I’m Amanda from DerivingMommyhood and I’m here with one of my favorite pattern hacks— reinforced knee joggers!
I have 4 kids, and love sewing for all of them….but my boys tend to DESTROY clothing so quickly that it makes me hesitate to make them anything. However, I realized if I make their clothes indestructible, we all win. My oldest has a few pairs of these joggers already so it was time for his little brother to get a pair.
I used the Eleventh-Hour Gear for this hack, and the main reason is that the knee patch marking makes it really easy to decide where to reinforce them. (Side note, the knee patch itself is a great way to make the joggers more indestructible obviously, but my oldest is picky and didn’t like the look of it). Eleventh hour gear is a straighter fit pattern, but the Carita Joggers would totally work for this hack as well (you would just need to determine the location of the knee). My daughter has a pair of these hacked 11th hour gear ones though and they are her favorite pants on earth.
Adjusting your Pattern Piece
Okay, let’s get started. You’ll need the jogger pattern, fabric suitable for the joggers, scraps of any other fabric to reinforce the knees, and optionally some heat n bond or interfacing. First, take your pattern and draw lines about 1” above and below the knee patch marking. I use a slanted line above and straight below, but it’s all personal preference.
Before cutting, make some pattern notches to make lining up the pieces easier, I use a single notch for the top section and double for the bottom. It’s important that those notches are not centered on the pattern piece so that it’s easier to keep the right and left leg straight later. I forgot to make these marks before but overlapped my pattern pieces after to add them.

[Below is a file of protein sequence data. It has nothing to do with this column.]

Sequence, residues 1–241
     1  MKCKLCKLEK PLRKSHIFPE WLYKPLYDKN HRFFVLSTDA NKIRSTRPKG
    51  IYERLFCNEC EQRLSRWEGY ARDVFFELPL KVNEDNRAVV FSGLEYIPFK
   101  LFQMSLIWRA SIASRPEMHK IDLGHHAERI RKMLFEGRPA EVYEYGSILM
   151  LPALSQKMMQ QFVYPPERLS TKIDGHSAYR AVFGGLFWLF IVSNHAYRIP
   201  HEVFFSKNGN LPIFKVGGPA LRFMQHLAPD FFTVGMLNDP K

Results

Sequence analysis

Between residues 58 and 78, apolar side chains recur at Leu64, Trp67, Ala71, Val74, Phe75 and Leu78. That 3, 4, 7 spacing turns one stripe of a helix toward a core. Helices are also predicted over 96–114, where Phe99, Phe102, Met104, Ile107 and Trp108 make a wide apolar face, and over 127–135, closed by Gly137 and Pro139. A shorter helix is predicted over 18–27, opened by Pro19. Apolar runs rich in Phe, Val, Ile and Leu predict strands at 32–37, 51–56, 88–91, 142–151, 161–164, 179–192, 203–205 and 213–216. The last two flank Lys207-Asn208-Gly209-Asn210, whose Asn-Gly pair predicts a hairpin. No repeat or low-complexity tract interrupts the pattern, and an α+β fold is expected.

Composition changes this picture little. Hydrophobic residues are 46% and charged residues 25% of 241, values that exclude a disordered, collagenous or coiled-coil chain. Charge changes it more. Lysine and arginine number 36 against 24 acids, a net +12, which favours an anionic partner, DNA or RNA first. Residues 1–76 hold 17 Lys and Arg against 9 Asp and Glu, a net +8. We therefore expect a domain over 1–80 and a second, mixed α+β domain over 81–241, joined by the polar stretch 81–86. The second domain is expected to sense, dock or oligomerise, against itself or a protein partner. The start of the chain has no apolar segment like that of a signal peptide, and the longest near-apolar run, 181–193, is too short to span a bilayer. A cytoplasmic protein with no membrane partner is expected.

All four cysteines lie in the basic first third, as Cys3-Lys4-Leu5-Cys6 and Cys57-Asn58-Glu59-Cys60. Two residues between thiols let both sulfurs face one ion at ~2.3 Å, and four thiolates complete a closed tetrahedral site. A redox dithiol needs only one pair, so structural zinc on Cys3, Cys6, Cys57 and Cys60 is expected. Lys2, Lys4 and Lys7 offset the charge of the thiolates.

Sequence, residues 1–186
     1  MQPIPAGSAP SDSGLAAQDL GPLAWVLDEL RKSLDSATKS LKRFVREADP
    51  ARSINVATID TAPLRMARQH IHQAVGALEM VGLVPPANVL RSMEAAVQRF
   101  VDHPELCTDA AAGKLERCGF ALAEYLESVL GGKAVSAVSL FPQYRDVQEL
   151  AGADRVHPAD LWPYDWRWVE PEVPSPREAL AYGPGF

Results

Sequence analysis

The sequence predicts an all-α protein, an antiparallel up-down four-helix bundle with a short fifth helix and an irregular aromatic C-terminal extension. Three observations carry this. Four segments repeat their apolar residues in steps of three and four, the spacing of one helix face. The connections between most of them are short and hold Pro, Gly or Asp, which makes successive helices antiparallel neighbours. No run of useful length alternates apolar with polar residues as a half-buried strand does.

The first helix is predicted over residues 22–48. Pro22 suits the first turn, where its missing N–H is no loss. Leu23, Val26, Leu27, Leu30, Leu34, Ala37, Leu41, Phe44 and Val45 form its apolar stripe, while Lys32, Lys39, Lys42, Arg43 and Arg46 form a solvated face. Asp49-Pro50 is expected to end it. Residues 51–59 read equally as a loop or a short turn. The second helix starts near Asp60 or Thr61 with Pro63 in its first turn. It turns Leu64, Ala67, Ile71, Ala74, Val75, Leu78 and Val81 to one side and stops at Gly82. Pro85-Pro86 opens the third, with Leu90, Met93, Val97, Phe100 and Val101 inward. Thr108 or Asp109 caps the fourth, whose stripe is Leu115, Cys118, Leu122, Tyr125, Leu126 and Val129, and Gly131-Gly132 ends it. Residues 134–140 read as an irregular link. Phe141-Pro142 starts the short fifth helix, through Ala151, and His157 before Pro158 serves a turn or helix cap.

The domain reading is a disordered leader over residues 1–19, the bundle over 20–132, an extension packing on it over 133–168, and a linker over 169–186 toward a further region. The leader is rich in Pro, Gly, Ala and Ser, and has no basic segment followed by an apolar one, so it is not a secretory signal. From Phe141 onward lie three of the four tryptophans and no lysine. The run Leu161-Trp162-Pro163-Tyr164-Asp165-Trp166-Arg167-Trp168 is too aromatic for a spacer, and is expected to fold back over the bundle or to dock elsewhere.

Now, add paper or trace those pieces onto pattern paper with a 3/8” seam allowance added on to every cut edge. These will be your new front leg pattern pieces. You will cut one mirrored pair each of the top and bottom sections, and for the knee you will cut one mirrored pair of the main fabric, one mirrored pair of lining/reinforcement fabric, and optionally one mirrored pair of heat n bond/interfacing.
Fusing Your Pieces
A quick note…. since the back of the leg will still be out of stretchy fabric, I find that you can reinforce with denim, twill, canvas…and other fabrics that don’t have the recommended stretch if your child is as rough as mine…. but for the pair I’m making here I lined cotton lycra French terry with cotton lycra jersey. Also, I like using the heat n bond for another layer of protection. I’ve used heat n bond ultra for all previous pairs and it makes it really super stiff—great for my oldest who wears holes in jeans in a matter of three wears. If you have a child more sensitive to stiff clothes this heat n bond stretch is a little lighter weight and moves more. Really any sort of interfacing could add a little more protection so use what you have. You could also leave off any form of interfacing if you choose and just do a double layer of fabric.
Cut your pieces, marking notches, and fuse the heat n bond or interfacing according to the package instructions. The one I use basically irons on, peel off the paper backing, then iron the other fabric on so that the two pieces become one piece going forward.
Optionally, you can add some stitching. I’ve done diagonal stitches and crisscrossing diagonal, but for these I just did straight rows. Since this piece won’t be stretching much thanks to the interfacing and second layer, I didn’t bother with a stretch stitch.
Assembling your Pants
Next, match up those notches to piece your three front leg pieces back together. It’s important that you keep the right leg pieces with each other and same for left, you wouldn’t want some weirdly angled legs! The notches help make that go smoothly.
After you’ve pieced them back together, topstitch those seams away from your knee piece. Proceed to sew the rest of the pants like normal.
Let us know how your joggers turn out! My son’s pairs from a year ago are still going strong 😊